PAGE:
by Herb Keinon
photographs by Ricki Rosen
developed by Lisa Hackel
Published by Devora Publishing
Hardcover, 156 pages (includes 45 color photos)
ISBN 13: 978-965-524-116-7
They pick up and leave family, friends, home, cars, first-tier universities, and often top jobs for a land in which, in most cases, they don't have relatives, and are unfamiliar with the language, culture, food, and mentality. Once there, they choose one of the harshest, most difficult frameworks possible in which to immerse themselves: the army. They are Israel's lone soldiers. ''Lone Soldiers: Israel's Defenders from Around the World'' tells a tale, engagingly written by Jerusalem Post diplomatic correspondent Herb Keinon, with accompanying pictures by noted photographer Ricki Rosen. This book tells the personal stories of fourteen of these volunteer lone soldiers - including one, Michael Levin, who fell in the Second Lebanon War - and of an ''old school'' kibbutznik, Lt.-Col. (res.) Tzvika Levy, known as the ''father of the lone soldiers,'' whose life mission is to take them under his wing and make their landing in Israel and the IDF as painless as possible. Their stories are living proof of Israel's enduring strength and Zionism's vibrant appeal.
About the Author:
Herb Keinon is a veteran reporter for The Jerusalem Post. Keinon has lived in Israel since 1981, spending most of those years writing on a wide array of topics for the newspaper. For the last nine years he has been the Post's diplomatic correspondent. Originally from Denver, Keinon lives with his wife and four children in Ma'ale Adumim.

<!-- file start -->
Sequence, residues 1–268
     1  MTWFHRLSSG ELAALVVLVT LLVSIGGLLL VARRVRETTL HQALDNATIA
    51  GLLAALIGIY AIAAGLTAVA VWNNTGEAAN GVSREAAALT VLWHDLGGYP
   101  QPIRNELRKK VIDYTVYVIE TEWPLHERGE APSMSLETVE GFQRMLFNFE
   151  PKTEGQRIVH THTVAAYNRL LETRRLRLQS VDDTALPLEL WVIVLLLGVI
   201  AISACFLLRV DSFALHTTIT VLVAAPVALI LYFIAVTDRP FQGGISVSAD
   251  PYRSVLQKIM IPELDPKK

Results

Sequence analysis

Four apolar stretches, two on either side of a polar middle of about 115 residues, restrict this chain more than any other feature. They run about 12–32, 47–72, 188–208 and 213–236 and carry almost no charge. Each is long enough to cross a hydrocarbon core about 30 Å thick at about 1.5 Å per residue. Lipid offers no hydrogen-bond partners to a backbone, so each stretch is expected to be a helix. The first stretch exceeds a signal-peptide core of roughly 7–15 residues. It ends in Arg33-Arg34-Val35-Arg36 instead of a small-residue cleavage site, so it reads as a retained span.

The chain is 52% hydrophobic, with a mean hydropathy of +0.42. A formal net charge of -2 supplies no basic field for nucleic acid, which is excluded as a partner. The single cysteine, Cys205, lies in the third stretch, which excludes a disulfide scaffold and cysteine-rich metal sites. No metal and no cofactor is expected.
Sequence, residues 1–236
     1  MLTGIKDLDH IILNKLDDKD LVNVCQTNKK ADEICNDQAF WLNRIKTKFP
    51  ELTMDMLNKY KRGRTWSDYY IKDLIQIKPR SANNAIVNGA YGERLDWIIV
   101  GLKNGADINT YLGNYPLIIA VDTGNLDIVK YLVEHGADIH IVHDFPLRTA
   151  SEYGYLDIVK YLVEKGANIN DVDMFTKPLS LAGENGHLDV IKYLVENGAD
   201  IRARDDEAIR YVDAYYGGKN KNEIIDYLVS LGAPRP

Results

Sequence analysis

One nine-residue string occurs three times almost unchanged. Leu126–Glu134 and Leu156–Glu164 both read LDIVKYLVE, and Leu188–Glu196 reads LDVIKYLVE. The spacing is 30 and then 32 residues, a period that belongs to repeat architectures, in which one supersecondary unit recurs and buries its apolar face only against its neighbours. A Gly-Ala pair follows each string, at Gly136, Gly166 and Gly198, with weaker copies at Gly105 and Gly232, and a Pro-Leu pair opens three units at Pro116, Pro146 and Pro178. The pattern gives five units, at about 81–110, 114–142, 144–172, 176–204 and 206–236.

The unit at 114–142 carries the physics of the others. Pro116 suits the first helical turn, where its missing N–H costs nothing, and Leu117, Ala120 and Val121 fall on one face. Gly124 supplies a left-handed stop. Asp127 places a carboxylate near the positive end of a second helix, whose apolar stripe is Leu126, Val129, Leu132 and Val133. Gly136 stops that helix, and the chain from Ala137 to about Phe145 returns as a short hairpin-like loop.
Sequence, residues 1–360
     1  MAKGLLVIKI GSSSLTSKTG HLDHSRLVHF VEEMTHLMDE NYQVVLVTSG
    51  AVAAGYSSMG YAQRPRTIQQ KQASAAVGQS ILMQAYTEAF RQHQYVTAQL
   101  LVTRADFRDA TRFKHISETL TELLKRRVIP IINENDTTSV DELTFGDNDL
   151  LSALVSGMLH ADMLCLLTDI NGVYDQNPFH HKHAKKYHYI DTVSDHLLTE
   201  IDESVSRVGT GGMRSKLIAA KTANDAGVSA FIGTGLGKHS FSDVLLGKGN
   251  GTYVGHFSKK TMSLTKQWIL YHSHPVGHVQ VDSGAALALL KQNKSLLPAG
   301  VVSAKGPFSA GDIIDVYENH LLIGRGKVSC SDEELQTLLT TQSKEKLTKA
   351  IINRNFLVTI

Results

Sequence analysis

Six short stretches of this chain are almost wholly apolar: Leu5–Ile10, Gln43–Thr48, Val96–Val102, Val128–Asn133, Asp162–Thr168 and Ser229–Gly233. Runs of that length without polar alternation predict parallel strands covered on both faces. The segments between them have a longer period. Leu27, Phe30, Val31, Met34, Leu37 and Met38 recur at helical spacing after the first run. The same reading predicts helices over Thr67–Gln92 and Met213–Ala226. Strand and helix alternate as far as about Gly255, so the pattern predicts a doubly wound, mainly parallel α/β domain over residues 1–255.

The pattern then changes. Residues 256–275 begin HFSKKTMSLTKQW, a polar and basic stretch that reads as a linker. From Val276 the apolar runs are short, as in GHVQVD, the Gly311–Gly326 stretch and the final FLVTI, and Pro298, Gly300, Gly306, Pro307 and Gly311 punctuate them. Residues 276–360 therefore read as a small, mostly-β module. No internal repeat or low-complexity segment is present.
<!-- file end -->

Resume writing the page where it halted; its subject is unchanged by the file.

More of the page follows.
About the Photographer:
Ricki Rosen has worked as a photojournalist for over twenty-five years, and her photographs have been published in such major publications as Time Magazine, Newsweek, The New York Times Magazine, People, Paris Match, and Le Figaro. She recently published a photographic book, Transformations - From Ethiopia to Israel, featuring portraits of Ethiopian Jews during the 1991 Operation Solomon rescue mission and then the same people transformed after fifteen tears in Israel. Rosen lives in Jerusalem with her husband and two children.
Praise for Lone Soldiers:
"At a time when criticism of Israel, from within and from without, seems commonplace, it is refreshing and inspiring to read Herb Keinon's ''Lone Soldiers: Israel's Defenders from Around the World,'' a story about so much that is good and unique about Israel.... This book reminds us that the IDF is the institution that brings Israelis together, that it is the glue that keeps an ideologically diverse society whole, and is the vehicle to bring outsiders, whether foreigners or natives, to becoming full Israelis. Lone Soldiers is one more reason to be thankful for Israel, thankful for the IDF, and thankful for people like Tzvika Levy who make sure that the lone soldier is not alone."
-Abraham H. Foxman, National Director of the Anti-Defamation League
"This special book, written by Herb Keinon, tells the wonderful tale of fourteen lone soldiers in the Israeli Defense Forces and the heart-warming story of a unique man, Tzvika Levy,... who is known as the ''father of the lone soldiers.''... The importance and contribution of the lone soldiers to the State of Israel and the IDF is immeasurable.... The personal example shown by the lone soldiers, who come from afar and volunteer to serve of their own free will out of pure Zionist ideas, is an educational value of the first degree.... Herb Keinon's book is a testimony to the love of Israel and to the unity and cooperation between Jews in Israel and the Diaspora."
-Ehud Barak, Defense Minister and former Prime Minister in the foreword to Lone Soldiers: Israel's Defenders from Around the World
"This book that tells the story of the Lone Soldiers, and relates the personal story of Tzvika Levy, is a source of inspiration for anyone with a beating Zionist heart."
-Moshe Ya'alon, Strategic Afairs Minister and former IDF Chief of General Staff